• What kind of reader were you as a child? Your favorite book? Most beloved character? Incessant. I don’t remember having had a favorite book, but I do remember being wowed by the Scarlet Pimpernel once upon a time.
• If you had to name one book that made you who you are today, what would it be? W. Jackson Bate’s Samuel Johnson. As much as anything, it made me a biographer.
• If you could require the president to read one book, what would it be? Not a book but a poem, Johnson’s The Vanity of Human Wishes.
• If you could meet any author, dead or living, who would be it be, and why? Max Beerbohm, the very sound of whose voice is infinitely enticing.
• You’re hosting a literary dinner party. Which three writers are invited? M.F.K. Fisher (whom I’d invite to choose the meal), Flannery O’Connor, and Dawn Powell.
• Disappointing, overrated, just not good: what book did you feel as if you were supposed to like, and didn’t? Do you remember the last book you put down without finishing? Again, I’m with David: I can’t read Dickens, and I know it’s my fault. I’m allergic to his overegged prose style. I can’t remember the last book I put down unfinished, but that’s because I do it so frequently. Absent sufficient monetary compensation, I’m way too old to waste time finishing bad books. Ars longa, vita brevis.
• What’s the one book you wish someone else would write? A really good biography of Helen Frankenthaler.
• Who would you want to write your life story? Nobody. Eeuuww. If there’s anything worth telling, I’ll put it in a play.
• What books are you embarrassed not to have read yet? Seeing as how I made the following confession eight years ago in The Wall Street Journal, I’d say that’s a humiliatingly easy call:
I regret to admit that there are a good many great novels that I have yet to read, some of which are long enough to make me quail at the thought of taking them on so late in the game. I’ve never read Charles Dickens’ Bleak House, which is 388,000 words long, and one of my New Year’s resolutions for 2007 was to do so. I picked it up in January—and put it down again in February, having gotten only a quarter of the way through. Alas, I was too busy to stick with it.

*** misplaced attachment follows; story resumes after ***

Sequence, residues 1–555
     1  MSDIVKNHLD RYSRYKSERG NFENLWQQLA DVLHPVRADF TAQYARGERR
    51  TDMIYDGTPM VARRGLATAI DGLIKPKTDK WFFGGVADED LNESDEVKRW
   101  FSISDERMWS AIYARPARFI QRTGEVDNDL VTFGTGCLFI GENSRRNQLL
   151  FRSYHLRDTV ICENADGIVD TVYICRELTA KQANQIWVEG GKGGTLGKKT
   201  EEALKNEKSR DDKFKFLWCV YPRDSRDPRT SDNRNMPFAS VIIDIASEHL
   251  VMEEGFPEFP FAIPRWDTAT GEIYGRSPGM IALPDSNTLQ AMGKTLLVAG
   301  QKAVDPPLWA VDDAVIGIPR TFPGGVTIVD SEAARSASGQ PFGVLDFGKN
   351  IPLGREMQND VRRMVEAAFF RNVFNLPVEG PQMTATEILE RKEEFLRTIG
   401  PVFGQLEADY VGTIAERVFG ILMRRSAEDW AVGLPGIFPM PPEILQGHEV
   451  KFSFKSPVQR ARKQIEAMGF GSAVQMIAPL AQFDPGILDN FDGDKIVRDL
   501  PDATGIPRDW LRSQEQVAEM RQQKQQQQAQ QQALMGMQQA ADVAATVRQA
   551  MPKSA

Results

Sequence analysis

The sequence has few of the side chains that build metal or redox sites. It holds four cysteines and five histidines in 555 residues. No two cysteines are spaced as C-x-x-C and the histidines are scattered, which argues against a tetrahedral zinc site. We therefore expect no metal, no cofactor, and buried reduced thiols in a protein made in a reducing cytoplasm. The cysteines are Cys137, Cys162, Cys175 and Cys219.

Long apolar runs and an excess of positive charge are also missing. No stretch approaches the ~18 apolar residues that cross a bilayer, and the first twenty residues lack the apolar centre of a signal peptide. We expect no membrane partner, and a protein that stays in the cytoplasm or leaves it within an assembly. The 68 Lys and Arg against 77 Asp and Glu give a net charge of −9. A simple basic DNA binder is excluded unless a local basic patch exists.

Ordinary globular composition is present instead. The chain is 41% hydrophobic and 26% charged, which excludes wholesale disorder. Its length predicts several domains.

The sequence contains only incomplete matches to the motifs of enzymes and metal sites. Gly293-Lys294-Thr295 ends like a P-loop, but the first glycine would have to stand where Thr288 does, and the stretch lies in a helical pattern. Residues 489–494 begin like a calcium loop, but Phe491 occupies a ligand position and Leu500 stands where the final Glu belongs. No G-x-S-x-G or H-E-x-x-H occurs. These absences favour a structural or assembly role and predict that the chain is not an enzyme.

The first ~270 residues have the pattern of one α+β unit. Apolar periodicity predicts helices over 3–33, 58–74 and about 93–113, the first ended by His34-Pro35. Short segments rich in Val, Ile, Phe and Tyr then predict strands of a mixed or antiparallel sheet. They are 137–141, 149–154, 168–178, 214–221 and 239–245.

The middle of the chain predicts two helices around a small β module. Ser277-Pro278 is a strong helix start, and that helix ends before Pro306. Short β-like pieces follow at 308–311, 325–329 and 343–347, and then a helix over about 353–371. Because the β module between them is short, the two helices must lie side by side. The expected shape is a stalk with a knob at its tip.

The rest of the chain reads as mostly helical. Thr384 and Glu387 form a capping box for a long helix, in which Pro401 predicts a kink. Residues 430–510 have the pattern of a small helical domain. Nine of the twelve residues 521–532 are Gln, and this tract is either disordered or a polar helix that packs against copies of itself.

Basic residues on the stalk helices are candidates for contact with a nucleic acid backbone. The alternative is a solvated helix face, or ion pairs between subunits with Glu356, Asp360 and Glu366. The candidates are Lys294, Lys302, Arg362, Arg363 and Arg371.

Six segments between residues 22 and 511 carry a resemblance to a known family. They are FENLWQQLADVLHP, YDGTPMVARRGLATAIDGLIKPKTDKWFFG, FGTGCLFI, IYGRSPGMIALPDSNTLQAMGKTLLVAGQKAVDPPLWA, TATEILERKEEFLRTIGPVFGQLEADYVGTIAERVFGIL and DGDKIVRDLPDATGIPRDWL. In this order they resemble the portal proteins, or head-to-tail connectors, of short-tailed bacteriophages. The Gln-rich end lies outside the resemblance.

• What do you plan to read next? Edith Wharton’s The House of Mirth, which is in the same Library of America volume as The Age of Innocence. What could be handier?
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UPDATE: I finished The House of Mirth two days later. I liked most of it, especially the first part, but The Age of Innocence is much better.
André Eglevsky, Maria Tallchief and New York City Ballet dance the pas de deux from Scotch Symphony, a ballet by George Balanchine set to Felix Mendelssohn’s Third Symphony:
The endless-loop Irony Lite of today’s sitcoms wears me out. It’s mostly nothing more than fast talking heavily sauced with needless-to-say-we-all-agree-about-everything attitude. And it’s not funny. Attitude is not humor. References are not humor. Sniggering is not humor. Above all, clubbishness is not humor. True humor doesn’t exclude—it includes. It reminds us, ever and always, that we, too, partake in the common dilemma. Even in farce, which hinges on the public humiliation of an unsympathetic person, we’re always thinking, “Oh, God, that might be me up there.” And cringing.
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John Cleese in a scene from an episode of Fawlty Towers: